Car Lot Lighting: Lots Of Wasted Light
I heard last week that a local car dealer (I won’t say who) spends $20,000 a month to light their car lots – or in other words, about the price of a new car, every 30 days.
I am in the wrong business – whew. And I thought we had some big electric bills this winter.
Auto dealerships have a real conundrum. They want to be good stewards and be energy-efficient, but they also want their cars for sale to be visible and look good to potential buyers.
Yet this dealer I’m quoting, can’t be atypical. Drive past any car lot in Des Moines after dusk and you’ll see dozens of dealerships using hundreds and hundreds of lights to illuminate all those pretty cars, trucks and vans.
So what are the alternatives?
The easiest, AND CHEAPEST, fix is to switch from the basic 400w Metal Halide that nearly every lot uses, to an econ-o-watt 360w Metal Halide. This bulb is designed to be a direct replacement for the 400w version. No ballast changes, just un-screw old, screw-in new.
This bulb puts out just as much light as its higher wattage brother, but instantly saves 40 watts of energy. Assuming you’re running the lights on your lot 11 hours a night, 365 days a year, at an average of $0.10 per kWh, you could save $16 per year, per bulb. OH, and by the way, Mid-American Energy gives you a rebate of $3.00 per bulb.
How many 400 watt lights do you have on your lot?
Another alternative is to completely change out the fixtures to an LED replacement fixture. This isn’t a cheap solution, but the energy savings and maintenance savings can be an excellent way to justify this option.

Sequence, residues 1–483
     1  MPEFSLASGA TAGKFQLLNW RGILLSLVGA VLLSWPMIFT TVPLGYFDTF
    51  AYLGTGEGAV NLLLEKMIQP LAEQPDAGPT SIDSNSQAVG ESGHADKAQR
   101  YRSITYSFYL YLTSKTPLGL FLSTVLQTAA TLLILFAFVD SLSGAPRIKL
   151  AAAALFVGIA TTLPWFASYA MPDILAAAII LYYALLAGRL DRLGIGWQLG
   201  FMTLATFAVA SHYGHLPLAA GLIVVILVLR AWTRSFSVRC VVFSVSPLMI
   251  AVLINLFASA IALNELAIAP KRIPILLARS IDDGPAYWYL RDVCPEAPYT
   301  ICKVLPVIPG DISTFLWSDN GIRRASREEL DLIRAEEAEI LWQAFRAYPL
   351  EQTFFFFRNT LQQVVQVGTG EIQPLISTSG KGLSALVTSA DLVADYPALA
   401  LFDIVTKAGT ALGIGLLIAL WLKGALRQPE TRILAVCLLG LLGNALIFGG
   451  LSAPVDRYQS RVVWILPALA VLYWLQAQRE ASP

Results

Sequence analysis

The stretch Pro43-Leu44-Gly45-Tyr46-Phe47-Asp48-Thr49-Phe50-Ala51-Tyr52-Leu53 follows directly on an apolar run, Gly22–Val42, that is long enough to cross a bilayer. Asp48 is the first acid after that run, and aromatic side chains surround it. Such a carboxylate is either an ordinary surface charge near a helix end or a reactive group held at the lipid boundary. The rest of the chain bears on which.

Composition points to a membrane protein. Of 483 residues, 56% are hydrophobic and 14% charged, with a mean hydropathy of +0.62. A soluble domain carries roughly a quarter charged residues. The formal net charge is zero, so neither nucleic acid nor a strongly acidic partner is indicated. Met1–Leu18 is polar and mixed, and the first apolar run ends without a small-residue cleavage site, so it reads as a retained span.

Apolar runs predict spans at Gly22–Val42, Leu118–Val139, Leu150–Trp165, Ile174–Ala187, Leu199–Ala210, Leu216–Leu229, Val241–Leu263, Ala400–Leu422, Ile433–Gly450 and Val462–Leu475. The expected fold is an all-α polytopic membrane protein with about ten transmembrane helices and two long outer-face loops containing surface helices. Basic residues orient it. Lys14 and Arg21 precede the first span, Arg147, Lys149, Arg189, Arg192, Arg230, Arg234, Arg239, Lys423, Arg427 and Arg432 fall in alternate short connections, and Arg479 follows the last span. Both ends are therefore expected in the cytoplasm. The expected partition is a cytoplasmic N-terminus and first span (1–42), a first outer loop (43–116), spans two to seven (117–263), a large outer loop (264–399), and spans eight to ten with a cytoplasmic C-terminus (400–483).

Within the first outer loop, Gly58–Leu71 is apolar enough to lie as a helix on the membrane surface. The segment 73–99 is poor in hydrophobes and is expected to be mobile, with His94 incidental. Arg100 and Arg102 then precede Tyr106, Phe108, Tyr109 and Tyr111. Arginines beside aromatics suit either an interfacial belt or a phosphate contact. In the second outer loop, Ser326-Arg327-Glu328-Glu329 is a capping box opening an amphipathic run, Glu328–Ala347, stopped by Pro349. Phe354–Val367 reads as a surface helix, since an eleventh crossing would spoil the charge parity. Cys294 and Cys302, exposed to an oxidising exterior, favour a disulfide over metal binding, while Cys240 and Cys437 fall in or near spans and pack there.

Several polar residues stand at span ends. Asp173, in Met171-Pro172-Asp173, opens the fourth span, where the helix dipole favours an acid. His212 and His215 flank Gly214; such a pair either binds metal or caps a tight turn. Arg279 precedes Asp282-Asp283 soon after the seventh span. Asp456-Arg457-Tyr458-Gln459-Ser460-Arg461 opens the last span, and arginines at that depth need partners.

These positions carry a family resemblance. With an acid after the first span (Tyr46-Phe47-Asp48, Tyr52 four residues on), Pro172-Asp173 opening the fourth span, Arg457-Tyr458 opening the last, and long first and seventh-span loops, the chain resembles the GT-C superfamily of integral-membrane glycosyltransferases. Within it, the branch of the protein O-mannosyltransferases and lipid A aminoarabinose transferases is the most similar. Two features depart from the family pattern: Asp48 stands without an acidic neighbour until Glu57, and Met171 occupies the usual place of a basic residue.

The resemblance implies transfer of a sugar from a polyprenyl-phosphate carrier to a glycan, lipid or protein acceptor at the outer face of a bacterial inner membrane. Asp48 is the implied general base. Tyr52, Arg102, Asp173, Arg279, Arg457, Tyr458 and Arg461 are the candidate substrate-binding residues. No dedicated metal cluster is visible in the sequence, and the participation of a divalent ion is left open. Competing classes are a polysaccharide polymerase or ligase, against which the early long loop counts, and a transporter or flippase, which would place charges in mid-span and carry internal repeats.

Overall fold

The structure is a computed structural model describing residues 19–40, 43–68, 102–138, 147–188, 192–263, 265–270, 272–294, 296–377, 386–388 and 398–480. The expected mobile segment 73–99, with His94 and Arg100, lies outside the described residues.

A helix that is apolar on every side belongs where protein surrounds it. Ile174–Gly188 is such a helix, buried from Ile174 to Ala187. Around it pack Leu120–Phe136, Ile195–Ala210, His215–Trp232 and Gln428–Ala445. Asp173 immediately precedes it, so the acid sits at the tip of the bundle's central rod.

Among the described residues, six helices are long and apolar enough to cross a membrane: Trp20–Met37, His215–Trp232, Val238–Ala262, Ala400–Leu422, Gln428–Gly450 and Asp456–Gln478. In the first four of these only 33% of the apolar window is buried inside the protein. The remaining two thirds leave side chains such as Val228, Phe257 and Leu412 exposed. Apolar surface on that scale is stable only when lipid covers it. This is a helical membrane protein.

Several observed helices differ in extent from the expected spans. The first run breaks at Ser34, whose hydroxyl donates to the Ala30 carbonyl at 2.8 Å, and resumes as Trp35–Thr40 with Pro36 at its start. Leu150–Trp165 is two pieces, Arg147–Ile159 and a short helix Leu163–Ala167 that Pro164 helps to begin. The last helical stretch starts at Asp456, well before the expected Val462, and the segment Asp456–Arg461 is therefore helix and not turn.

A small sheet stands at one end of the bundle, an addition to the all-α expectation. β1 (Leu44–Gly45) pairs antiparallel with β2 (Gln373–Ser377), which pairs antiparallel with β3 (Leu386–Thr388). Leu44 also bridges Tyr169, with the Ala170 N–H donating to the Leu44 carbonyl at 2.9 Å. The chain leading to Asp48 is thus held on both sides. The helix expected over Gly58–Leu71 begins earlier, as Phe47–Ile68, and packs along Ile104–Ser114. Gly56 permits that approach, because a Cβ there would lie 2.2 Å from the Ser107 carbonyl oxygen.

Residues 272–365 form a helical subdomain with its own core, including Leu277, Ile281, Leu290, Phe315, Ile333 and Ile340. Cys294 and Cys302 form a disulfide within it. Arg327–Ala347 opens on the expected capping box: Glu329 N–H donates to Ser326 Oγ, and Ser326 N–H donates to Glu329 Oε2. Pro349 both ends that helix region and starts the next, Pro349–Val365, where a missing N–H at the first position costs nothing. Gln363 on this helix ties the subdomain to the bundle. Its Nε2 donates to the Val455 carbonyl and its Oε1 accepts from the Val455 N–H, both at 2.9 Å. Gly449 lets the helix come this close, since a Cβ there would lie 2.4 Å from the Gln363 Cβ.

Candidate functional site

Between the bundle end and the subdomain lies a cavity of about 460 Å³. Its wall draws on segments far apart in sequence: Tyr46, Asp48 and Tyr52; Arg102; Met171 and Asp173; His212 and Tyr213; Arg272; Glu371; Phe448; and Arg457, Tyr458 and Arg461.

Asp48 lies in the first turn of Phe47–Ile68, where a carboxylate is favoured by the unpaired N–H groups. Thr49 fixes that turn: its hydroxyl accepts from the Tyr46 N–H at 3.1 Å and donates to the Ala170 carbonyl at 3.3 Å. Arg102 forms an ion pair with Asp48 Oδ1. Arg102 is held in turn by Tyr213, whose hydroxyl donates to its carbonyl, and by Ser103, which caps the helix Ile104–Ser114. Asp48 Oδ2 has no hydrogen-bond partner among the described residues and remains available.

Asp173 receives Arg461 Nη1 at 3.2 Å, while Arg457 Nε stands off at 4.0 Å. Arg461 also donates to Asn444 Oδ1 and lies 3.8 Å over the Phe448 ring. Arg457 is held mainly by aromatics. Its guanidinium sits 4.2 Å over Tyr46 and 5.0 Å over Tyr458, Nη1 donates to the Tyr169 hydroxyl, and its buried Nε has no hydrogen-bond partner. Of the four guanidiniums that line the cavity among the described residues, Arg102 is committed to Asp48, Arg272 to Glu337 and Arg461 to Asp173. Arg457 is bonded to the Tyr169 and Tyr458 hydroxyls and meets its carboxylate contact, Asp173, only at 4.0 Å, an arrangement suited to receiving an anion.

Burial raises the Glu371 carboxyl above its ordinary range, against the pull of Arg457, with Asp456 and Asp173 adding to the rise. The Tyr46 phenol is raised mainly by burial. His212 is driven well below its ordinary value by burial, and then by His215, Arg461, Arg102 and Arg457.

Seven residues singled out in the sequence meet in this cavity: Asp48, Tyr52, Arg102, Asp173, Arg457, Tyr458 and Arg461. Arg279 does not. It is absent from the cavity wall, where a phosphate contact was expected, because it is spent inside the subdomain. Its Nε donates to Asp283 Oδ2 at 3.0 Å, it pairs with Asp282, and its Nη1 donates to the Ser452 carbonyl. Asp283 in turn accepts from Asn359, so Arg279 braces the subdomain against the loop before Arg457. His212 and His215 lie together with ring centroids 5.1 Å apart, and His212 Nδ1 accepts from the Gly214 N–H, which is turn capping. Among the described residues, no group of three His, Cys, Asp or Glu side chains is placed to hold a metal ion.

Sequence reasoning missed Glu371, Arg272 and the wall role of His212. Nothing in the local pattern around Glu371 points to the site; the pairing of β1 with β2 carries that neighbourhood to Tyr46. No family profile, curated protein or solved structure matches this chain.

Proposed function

Another alternative is to only turn on every other light, rotating them each hour. Many car dealers look at me like I’ve lost my mind when I suggest this, but there’s plenty of research to show that car lots can be well-illuminated using this method. There are special sensors that can accomplish this – and we’re talking about a 50% reduction in lighting costs. If you’re writing a check for 20 grand a month to Mid-American Energy, it seems like it might at least be worth considering.
In fact, if all car dealers across the country reduced their energy consumption by just 10%, they would see a total of $193 million in energy savings. For some dealers, those savings could be the difference between staying in business or turning out the lights, for good.
The other option is something “going green” proponents have been suggesting for years – shut all the lights off after 2am. Yes there are people who browse car lots at that time. But I know that no car dealer is actually selling cars at those hours. In fact the vast majority of cars are purchased in daylight. Perhaps all the car dealers in town could enter into some kind of joint agreement.
Sure. And maybe the KCCI Weather Beacon will go dark.
But if I was a smart car dealer who really wanted to make a PR splash, I’d tell the public that I was going to start shutting off my lights after 2am, to save energy, and the environment – and that I was going to pass those energy savings onto my customers.
Turn off the lights, sell a few more cars. Hey, maybe I am in the wrong business.
Jack Huff, along with his son Brian and wife Sue, owns and manages Adventure Lighting in Des Moines, Iowa. For more information, go to www.adventurelighting.com